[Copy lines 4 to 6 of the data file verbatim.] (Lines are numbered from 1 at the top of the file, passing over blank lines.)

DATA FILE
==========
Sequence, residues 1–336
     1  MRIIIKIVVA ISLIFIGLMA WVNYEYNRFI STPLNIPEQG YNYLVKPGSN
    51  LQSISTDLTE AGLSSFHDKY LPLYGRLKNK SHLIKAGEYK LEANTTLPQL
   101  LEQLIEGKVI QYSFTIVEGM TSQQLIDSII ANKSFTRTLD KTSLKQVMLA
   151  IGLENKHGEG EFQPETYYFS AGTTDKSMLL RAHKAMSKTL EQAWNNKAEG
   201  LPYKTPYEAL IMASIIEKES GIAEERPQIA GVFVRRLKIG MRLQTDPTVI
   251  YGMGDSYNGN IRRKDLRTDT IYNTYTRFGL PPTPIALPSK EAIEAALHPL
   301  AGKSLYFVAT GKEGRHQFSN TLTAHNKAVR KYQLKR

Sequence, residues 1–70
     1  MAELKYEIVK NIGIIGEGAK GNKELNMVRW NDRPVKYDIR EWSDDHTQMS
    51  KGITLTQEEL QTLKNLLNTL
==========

   101  LEQLIEGKVI QYSFTIVEGM TSQQLIDSII ANKSFTRTLD KTSLKQVMLA
   151  IGLENKHGEG EFQPETYYFS AGTTDKSMLL RAHKAMSKTL EQAWNNKAEG
   201  LPYKTPYEAL IMASIIEKES GIAEERPQIA GVFVRRLKIG MRLQTDPTVI